He Is Little and I Am Big

“Can you dog sit while we take Ella to Myrtle Beach for her track meet?” What my daughter Samantha really meant was: Will you be in town next week while we go the shore? As it happened, I had a few COVID vaccination events scheduled, but I would be home and was more than willing to watch Maggie and Lucy, my family’s Great Dane and teapot yorkie respectively. 

They eat twice a day. Maggie gets her food in a bright purple slow feeder dog bowl in the kitchen, while Lucy gets hers in a small plastic cereal bowl in the living room. What I never noticed before was that Maggie ate with one eye on Lucy’s food. When she finished her meal, she would stand behind Lucy and wait patiently for Lucy to finish and walk away. Within seconds of Lucy’s leaving, Maggie was licking up anything that remained in that small bowl.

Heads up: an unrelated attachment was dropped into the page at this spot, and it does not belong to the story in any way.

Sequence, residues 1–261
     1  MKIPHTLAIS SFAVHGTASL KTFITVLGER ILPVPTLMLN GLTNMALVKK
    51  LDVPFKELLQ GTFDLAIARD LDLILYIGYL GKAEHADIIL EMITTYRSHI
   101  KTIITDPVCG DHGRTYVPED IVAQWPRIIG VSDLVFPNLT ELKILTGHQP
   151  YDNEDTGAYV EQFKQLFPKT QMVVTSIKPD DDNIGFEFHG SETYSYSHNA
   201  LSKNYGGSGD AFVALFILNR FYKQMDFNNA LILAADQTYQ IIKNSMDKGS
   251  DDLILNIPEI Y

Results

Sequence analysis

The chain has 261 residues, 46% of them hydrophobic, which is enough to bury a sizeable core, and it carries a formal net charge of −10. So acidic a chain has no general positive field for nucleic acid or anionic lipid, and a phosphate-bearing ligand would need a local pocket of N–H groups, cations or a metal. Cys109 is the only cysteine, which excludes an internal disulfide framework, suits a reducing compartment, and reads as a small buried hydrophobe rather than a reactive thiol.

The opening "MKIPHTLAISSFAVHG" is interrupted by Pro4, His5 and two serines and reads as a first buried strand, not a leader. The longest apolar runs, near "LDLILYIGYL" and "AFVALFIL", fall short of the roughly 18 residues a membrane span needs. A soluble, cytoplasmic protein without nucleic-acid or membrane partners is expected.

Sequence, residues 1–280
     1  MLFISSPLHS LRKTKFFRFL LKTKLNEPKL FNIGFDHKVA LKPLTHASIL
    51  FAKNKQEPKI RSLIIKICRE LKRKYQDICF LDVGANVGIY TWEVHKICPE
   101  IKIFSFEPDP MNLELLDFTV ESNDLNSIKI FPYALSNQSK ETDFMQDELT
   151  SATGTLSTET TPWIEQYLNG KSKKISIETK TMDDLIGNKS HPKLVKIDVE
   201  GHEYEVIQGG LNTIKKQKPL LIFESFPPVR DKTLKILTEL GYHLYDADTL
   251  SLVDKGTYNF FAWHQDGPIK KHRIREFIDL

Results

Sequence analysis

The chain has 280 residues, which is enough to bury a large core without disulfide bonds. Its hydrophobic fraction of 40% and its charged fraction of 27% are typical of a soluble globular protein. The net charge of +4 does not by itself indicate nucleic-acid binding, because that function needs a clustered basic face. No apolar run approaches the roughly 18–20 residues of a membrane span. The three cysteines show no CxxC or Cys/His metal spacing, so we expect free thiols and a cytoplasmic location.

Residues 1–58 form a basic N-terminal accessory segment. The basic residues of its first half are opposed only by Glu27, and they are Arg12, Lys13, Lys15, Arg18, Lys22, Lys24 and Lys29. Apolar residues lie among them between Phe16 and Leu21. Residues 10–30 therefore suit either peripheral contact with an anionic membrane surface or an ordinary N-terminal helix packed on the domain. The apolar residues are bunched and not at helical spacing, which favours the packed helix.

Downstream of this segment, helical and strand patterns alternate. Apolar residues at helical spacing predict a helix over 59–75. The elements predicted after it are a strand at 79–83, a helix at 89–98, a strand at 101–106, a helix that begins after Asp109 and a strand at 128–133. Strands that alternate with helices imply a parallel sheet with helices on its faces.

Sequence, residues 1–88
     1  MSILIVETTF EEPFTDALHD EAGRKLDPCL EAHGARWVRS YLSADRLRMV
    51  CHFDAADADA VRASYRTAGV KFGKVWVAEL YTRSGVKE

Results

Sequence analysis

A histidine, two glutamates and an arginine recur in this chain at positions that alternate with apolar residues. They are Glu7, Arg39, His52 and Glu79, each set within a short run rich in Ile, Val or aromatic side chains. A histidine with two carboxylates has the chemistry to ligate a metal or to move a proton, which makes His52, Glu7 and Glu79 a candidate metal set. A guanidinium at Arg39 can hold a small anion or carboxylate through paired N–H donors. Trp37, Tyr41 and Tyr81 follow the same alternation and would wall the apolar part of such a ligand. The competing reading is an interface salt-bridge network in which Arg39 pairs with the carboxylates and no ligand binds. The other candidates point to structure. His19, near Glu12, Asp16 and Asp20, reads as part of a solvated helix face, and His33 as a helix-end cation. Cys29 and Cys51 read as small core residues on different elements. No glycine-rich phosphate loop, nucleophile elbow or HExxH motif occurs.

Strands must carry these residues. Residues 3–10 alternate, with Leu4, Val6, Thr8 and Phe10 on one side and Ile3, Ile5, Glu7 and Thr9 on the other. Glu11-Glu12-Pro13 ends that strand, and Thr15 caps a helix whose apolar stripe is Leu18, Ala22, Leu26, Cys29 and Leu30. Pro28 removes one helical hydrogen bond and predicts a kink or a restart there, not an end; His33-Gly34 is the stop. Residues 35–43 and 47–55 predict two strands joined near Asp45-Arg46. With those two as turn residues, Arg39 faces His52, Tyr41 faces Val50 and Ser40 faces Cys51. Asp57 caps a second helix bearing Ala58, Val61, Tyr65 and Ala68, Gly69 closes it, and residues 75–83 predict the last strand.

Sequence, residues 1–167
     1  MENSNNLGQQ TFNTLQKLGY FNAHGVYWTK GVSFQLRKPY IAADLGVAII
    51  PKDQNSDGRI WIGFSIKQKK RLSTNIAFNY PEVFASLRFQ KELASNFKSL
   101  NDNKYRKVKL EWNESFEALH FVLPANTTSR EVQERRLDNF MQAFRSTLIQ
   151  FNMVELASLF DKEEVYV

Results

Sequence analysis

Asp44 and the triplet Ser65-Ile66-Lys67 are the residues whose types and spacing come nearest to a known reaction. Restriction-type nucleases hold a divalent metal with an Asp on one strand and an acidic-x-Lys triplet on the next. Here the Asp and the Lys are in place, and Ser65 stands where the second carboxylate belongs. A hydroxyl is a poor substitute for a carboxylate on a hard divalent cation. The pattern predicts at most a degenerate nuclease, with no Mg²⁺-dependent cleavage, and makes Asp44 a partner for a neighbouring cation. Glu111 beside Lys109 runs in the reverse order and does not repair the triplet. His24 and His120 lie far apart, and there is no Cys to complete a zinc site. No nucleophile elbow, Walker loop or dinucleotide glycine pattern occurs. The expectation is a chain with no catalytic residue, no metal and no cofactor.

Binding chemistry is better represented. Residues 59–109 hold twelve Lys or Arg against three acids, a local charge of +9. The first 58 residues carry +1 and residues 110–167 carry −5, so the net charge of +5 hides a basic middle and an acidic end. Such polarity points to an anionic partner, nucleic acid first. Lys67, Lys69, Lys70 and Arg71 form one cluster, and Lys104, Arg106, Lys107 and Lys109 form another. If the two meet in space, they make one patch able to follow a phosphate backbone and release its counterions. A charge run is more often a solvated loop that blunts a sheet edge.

Without a doubt, Maggie could have bullied, shoved, or scared Lucy away and stolen her food—but she did not. Instead, she would stand a few feet back, although occasionally moving up to assure herself that there was still something in Lucy’s bowl. 

Russia and China are big and do not hesitate to bully, shove, and scare anything smaller than them to get what they want. Maybe they need to go to dog obedience school.  

Published by Carole J. Garrison

I’m a conversationalist, an observer, a passionate participant in life. And now, in my later years, I’m a recorder of the lessons of my life through essays, stories, and novels. I live in the fourth moment of life, just outside the normal distribution of most people and it is from this place that I write.

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